POLITICS

Lawmakers Introduce Bipartisan 'Free Britney' Act For Conservatorships

The FREE Act — or "Free Britney" Act — would make it easier for people in conservatorships to make changes to their situation.

A bipartisan pair of lawmakers introduced a bill Tuesday that aims to make it easier for people under conservatorships, like the singer Britney Spears, to ask a judge to replace their conservator ― the person who is legally charged with making decisions for them.

The bill’s official name is the Freedom and Right to Emancipate from Exploitation Act, but Reps. Charlie Crist (D-Fla.) and Nancy Mace (R-S.C.), who introduced the legislation, have nicknamed it the “Free Britney” Act, in a reflection of the growing public outrage over the singer’s situation.

The pair of lawmakers agreed on one word to describe Spears’ conservatorship: “nightmare.”

“If it can happen to her, it can happen to anyone,” Mace said Tuesday.

If passed, the legislation could help Spears wriggle out of the legal arrangement that has put strict limits on her personal freedoms for 13 years. It would allow anyone under a conservatorship to request that their private conservator be replaced with a public conservator without needing to prove any misconduct had taken place. It would also assign independent caseworkers to monitor conservatorships for signs of abuse, and provide more transparency around the arrangements.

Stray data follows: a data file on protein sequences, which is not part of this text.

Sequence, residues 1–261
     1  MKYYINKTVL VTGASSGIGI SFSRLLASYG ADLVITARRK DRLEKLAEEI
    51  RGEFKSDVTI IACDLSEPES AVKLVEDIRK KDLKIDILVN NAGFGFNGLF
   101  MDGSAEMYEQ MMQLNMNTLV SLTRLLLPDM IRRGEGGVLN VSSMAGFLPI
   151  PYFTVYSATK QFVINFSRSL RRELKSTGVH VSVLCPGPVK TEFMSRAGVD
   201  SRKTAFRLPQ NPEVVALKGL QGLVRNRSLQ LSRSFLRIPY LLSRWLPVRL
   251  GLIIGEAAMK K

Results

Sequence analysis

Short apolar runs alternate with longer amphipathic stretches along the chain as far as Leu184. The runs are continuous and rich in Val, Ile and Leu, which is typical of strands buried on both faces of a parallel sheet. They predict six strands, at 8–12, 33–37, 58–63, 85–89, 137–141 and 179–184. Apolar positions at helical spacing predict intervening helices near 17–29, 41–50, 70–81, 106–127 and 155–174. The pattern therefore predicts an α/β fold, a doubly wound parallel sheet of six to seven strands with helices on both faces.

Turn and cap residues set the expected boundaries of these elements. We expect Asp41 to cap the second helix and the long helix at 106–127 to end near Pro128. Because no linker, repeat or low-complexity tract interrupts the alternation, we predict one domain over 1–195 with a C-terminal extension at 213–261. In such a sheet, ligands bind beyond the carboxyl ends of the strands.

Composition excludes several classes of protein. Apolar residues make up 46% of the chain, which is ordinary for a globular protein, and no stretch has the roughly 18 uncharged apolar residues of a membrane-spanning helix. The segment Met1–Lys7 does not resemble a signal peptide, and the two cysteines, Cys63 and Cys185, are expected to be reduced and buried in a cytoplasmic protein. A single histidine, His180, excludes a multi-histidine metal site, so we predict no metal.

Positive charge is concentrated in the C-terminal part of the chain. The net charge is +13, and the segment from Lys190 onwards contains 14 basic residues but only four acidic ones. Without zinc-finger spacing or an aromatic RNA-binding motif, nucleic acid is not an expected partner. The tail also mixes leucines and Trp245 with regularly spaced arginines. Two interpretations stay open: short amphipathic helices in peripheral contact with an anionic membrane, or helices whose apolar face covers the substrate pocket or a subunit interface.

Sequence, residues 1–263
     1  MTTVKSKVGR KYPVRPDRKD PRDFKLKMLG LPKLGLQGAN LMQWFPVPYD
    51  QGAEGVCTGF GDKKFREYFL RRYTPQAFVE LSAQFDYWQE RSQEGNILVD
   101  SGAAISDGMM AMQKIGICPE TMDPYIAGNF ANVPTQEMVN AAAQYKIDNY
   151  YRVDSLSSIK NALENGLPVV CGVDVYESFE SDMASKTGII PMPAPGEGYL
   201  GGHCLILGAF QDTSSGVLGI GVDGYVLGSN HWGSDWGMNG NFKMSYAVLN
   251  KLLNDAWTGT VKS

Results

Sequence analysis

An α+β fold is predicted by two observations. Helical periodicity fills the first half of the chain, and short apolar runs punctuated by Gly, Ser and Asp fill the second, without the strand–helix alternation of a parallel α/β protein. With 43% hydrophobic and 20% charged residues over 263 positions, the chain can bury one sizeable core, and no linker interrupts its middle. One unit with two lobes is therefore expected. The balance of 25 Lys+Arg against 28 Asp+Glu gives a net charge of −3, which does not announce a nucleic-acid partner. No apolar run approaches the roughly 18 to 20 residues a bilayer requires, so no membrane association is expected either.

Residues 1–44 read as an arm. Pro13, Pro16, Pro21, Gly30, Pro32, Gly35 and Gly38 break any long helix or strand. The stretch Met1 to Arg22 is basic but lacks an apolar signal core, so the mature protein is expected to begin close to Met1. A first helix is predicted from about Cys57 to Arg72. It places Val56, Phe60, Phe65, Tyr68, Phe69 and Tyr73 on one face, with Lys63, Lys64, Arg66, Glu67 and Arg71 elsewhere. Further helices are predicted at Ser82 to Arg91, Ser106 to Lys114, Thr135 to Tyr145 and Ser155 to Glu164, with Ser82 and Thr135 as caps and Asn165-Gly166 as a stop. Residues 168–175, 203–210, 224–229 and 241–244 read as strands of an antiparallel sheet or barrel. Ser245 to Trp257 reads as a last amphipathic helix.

Crist summarized the bill in a statement by saying it provides Americans an “escape hatch out of abusive guardianships.”

He noted that “tragically we don’t know how many people are being held captive against their will” under current systems, which vary by state. However, Mace’s office estimated the number of people in conservatorships of any stripe to be about 1.3 million nationwide.

Spears has been campaigning to remove her father, James “Jamie” Spears, from the legal arrangement that was set up to control her estate and personal well-being in 2008, after a series of mental health struggles that played out publicly.

Last month, the singer told a California judge that she previously did not know she had the right to petition the court to end the arrangement completely. She said she wished to do so as soon as possible, alleging that it was preventing her from exercising many personal freedoms.

Her shocking remarks to Los Angeles Superior Court Judge Brenda Penny highlighted the potential for abuse in conservatorships. The arrangements are meant for people who do not have the mental or physical capacity to care for themselves ― usually the elderly or infirm. However, since her conservatorship was established, Spears has given hundreds of performances, earning millions of dollars to support herself, her family, her staff and fellow performers.

Spears was permitted last week to hire a new attorney she chose by herself, marking the first time she has had a say in her legal representation in more than a decade. The new attorney, Mathew Rosengart, a former federal prosecutor, vowed Monday to “aggressively and expeditiously” end Spears’ father’s involvement with the conservatorship, as a first step.